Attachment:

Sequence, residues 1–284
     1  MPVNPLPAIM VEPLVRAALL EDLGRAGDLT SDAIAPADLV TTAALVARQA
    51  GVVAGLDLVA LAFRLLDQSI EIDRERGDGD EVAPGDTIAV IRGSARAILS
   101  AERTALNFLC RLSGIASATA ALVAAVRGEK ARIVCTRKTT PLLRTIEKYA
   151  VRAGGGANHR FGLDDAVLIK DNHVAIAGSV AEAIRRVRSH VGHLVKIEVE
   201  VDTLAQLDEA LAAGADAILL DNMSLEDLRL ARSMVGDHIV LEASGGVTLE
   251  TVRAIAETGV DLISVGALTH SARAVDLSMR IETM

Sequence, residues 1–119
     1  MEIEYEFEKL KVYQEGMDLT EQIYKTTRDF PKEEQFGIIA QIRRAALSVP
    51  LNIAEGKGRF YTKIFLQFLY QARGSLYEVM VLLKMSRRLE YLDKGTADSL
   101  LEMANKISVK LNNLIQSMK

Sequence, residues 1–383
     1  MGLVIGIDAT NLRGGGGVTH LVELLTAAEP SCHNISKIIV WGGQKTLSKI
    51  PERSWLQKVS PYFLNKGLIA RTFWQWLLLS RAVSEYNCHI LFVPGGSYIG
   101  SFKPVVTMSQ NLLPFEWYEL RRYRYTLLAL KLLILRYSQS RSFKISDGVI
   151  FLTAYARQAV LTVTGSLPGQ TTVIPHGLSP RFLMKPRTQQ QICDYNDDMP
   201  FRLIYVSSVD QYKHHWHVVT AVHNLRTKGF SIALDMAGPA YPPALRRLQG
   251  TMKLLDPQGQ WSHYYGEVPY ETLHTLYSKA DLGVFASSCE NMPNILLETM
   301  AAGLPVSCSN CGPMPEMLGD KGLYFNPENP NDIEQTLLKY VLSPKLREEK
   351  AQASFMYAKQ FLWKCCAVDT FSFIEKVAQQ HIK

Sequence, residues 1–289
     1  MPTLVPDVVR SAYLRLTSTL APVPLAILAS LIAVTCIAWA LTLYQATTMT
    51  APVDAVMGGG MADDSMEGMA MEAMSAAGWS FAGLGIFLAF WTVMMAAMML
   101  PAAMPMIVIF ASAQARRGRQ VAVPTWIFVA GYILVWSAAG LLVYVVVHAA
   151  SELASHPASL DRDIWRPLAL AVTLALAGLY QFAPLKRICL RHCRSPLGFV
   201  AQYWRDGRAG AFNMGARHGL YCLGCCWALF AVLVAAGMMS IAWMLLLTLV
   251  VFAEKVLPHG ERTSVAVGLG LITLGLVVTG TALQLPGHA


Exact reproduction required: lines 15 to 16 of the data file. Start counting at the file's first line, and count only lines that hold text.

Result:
   101  SFKPVVTMSQ NLLPFEWYEL RRYRYTLLAL KLLILRYSQS RSFKISDGVI
   151  FLTAYARQAV LTVTGSLPGQ TTVIPHGLSP RFLMKPRTQQ QICDYNDDMP